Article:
Everyone is looking for more foot traffic for their salons, but how do you achieve this? Let’s take a rational look, and how you can use the information to your benefit.
Imagine a funnel; the top is vast and gradually gets smaller. Outside your funnel is all the people that don’t use your services and never will, along with those that are loyal to another business. Don’t waste resources on them as they are not your target.
At the top of your funnel, you have people that would visit your salon for any reason; those that have never done business with you (or maybe anyone) but have an interest. A wide funnel would include additional services or products other than tanning related. The more you have to offer, the bigger net you cast for overall visits to your business.
The next level is customers that use the services you provide already, be it from you or from a competitor, but are not loyal to any business. They look for deals or convenience.
At the bottom of the funnel are your loyal customers who use you exclusively. This is the level that will likely decline first during a recession. They still come in, but they are spending less now. You might be tempted to target these customers for increasing sales, after all, you know them. They are loyal. However, in a tight economy, it is highly probable that they are already spending what they can in disposable income with you.
So where do you focus your efforts? Let’s look back at the other levels of your funnel. At the top, you can obviously widen your opportunities by adding additional services, and that could work. But the group you should really focus on is the middle group. They already tan, be it with you or someone else, so they have an increased potential for doing business with you. Here is where you make up for declining sales with your loyalist group.
It's time to fill the need. What is it that these customers are looking for? It’s time to think outside the box and figure out what these customers are craving so that you can get them to spend their money with you.
Example: Starbucks started with the idea of being the elite place to get coffee. You went for the “coffee house” experience. This branding did wonders for them as consumers everywhere rushed to buy overpriced coffee for the FEELING of being a coffee connoisseur. Starbucks learned however that to continue growing it needed to appeal to a wider audience. Not everyone had time to come in and get coffee every day, so they started offering drive-thru service. Now customers who would have gone elsewhere were enticed to switch. Their “loyal” original customers can still come in and enjoy spending time sipping their drinks, but now Starbuck has increased their customer base.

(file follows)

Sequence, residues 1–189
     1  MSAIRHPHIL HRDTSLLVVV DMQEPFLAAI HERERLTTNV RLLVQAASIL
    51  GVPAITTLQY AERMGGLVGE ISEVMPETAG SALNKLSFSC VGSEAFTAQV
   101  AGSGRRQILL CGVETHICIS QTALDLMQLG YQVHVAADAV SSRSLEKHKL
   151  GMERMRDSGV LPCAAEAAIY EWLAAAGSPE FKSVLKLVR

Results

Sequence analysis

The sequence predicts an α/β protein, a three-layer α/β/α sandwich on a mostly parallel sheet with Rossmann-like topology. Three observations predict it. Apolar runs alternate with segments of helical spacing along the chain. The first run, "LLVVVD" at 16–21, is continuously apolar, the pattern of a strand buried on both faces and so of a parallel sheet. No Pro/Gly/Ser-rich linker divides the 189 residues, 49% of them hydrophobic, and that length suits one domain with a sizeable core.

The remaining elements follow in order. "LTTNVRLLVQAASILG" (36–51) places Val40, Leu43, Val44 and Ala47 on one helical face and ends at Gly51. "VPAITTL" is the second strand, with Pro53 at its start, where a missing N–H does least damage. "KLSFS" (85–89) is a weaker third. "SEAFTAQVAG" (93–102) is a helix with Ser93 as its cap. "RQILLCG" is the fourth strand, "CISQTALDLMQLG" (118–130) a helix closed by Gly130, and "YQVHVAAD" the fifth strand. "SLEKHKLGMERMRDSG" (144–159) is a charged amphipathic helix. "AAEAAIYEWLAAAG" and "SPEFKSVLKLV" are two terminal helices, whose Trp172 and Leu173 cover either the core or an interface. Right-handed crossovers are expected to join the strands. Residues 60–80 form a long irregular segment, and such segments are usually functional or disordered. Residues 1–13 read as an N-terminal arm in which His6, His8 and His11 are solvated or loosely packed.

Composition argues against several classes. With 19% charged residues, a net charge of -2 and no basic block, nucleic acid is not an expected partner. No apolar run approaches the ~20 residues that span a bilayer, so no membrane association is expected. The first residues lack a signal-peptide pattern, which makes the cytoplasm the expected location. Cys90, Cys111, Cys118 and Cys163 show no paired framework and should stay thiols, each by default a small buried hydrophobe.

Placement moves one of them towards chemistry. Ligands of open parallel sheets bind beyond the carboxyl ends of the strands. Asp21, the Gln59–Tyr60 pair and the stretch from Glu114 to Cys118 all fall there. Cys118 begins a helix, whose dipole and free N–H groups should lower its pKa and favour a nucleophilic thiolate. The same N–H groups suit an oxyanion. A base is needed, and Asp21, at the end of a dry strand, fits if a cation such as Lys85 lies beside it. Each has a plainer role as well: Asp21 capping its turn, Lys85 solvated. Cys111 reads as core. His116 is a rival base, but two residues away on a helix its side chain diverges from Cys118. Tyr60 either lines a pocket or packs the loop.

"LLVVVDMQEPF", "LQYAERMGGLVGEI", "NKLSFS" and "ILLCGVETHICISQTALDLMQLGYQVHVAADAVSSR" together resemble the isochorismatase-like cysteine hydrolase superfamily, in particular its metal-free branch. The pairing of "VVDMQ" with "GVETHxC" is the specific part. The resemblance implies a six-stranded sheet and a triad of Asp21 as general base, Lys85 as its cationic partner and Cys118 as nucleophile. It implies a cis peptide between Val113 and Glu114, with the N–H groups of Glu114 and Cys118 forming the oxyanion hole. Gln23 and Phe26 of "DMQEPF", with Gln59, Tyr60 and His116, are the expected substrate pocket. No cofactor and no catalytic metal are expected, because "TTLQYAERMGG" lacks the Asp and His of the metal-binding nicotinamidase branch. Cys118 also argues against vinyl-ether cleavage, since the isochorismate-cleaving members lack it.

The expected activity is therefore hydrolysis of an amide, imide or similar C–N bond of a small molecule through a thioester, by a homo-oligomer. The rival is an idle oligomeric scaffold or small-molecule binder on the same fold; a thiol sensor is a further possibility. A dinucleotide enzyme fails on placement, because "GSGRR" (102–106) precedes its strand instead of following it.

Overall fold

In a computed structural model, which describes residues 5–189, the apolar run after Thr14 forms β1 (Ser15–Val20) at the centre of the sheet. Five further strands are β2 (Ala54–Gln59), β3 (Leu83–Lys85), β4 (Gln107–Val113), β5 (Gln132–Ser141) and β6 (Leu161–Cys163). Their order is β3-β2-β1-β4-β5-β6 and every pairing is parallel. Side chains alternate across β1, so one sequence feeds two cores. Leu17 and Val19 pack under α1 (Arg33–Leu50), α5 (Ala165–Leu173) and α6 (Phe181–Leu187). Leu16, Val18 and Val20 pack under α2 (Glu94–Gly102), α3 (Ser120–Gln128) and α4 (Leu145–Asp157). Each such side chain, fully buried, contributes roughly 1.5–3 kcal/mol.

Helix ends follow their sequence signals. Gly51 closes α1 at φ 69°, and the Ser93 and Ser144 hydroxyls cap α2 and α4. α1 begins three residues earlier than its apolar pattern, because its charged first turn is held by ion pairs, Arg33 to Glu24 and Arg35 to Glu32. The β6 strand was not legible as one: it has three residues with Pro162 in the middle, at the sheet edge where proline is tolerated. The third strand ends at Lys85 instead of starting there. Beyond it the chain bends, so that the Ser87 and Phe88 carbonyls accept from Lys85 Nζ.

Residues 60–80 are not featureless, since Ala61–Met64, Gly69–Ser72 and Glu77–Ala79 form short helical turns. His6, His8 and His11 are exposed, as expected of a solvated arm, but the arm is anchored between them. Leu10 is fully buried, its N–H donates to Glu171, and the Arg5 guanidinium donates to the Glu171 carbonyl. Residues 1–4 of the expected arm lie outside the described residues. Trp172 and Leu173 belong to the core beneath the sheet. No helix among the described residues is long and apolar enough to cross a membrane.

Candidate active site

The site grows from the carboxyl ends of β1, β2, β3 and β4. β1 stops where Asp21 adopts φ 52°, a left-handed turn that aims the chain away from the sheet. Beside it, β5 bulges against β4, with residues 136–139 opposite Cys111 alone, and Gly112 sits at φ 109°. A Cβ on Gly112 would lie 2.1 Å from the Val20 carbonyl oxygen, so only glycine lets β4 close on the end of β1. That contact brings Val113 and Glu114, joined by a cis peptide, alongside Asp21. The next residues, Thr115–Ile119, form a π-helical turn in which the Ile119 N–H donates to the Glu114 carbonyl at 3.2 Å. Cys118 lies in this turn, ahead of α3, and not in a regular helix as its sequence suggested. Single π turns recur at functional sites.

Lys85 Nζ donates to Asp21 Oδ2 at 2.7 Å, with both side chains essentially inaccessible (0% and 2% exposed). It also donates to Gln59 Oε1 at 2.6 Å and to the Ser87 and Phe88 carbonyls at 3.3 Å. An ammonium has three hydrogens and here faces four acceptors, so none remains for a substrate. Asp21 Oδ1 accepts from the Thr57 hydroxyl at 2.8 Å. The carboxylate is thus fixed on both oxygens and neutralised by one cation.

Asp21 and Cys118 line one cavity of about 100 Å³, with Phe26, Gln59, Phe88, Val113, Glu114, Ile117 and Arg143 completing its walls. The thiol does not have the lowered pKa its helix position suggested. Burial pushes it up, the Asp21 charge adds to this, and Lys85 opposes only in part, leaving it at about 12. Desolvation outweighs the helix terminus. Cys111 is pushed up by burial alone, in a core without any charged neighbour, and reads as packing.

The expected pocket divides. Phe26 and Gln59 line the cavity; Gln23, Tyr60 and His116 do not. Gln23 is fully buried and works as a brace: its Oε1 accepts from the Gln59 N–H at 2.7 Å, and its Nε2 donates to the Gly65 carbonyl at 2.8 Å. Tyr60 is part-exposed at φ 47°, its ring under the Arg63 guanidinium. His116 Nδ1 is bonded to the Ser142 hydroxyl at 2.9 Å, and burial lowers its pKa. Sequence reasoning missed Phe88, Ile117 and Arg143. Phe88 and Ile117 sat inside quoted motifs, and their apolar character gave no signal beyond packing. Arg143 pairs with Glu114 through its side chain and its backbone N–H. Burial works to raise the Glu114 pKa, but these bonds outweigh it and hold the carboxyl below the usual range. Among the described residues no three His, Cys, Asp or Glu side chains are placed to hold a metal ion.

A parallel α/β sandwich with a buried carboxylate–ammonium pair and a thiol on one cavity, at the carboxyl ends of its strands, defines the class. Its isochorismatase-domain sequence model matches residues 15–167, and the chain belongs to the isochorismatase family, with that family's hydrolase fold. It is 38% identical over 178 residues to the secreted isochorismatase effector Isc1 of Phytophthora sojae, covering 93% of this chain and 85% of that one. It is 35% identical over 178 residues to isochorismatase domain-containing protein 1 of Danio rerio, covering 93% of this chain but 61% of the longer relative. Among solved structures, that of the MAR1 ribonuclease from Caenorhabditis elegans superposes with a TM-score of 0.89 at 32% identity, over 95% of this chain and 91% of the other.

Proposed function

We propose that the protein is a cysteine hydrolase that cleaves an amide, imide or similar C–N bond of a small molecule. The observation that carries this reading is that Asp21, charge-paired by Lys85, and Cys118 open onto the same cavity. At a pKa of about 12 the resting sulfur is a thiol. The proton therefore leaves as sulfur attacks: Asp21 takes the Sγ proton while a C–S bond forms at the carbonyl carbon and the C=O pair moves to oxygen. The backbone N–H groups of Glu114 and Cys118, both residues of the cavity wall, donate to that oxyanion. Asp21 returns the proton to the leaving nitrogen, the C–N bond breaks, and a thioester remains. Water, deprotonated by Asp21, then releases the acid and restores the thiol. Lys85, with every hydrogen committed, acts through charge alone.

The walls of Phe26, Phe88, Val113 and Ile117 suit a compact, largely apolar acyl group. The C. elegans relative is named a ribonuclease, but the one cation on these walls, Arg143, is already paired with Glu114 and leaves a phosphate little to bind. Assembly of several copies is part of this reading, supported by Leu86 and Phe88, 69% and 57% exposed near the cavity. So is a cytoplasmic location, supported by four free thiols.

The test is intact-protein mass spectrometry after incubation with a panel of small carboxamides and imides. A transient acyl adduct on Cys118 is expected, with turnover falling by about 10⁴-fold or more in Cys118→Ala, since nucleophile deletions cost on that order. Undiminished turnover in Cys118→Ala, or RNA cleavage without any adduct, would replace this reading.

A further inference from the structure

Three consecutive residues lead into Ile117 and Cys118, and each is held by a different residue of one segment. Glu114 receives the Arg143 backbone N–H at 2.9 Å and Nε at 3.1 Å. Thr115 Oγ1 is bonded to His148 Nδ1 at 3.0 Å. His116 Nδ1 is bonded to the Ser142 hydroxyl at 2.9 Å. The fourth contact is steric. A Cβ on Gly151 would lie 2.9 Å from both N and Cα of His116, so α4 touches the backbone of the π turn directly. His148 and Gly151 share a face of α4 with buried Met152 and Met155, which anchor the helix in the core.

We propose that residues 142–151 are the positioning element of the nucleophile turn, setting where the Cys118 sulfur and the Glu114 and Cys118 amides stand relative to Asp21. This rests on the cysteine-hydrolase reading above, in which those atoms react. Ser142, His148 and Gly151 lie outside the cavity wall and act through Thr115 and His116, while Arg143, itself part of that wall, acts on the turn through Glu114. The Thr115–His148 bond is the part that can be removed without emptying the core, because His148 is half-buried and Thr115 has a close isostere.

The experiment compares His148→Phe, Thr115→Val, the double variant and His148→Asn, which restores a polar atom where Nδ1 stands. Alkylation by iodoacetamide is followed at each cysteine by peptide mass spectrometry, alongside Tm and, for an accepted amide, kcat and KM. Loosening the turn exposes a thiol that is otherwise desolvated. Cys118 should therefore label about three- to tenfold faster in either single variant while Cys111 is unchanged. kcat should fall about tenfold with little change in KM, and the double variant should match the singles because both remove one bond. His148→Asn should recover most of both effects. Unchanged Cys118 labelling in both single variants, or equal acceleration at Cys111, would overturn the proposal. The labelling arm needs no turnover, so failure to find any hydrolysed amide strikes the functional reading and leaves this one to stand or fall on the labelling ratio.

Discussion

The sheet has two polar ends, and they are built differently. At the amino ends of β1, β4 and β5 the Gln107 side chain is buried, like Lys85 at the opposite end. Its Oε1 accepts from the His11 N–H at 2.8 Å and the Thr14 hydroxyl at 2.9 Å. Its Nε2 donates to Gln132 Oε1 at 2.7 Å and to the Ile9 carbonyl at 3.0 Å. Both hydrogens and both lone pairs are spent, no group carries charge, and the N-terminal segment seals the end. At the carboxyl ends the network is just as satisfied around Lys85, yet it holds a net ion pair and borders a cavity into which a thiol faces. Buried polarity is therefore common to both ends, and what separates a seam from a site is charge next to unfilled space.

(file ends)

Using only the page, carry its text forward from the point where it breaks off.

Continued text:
How can you apply this to your business? We bet that your webpage or social media focuses on your equipment, but do you feature the products you sell? How convenient is it to do business with you? Can customers book online? Take a tour of your salon virtually? What could you do to capture some of this additional business?
When business slows, it is tempting to start restricting your inventory to only what sells. However, what is selling is based largely on your loyal customers. One size doesn’t fit all. Another way to target this middle funnel group is by expanding your “accessory” selection, which differentiates you from other salons. Offering niche items tempt customers to make impulse buys. Studies have shown that offering items that complement main purchases increase sales.
Now that you know where to focus your energy, what will you do?